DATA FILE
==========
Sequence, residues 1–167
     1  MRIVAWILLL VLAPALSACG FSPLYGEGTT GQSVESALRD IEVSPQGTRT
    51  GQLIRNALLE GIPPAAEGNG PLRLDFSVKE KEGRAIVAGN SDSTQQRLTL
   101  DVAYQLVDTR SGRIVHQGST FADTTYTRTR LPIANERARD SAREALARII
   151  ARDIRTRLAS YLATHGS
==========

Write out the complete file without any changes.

Sequence, residues 1–167
     1  MRIVAWILLL VLAPALSACG FSPLYGEGTT GQSVESALRD IEVSPQGTRT
    51  GQLIRNALLE GIPPAAEGNG PLRLDFSVKE KEGRAIVAGN SDSTQQRLTL
   101  DVAYQLVDTR SGRIVHQGST FADTTYTRTR LPIANERARD SAREALARII
   151  ARDIRTRLAS YLATHGS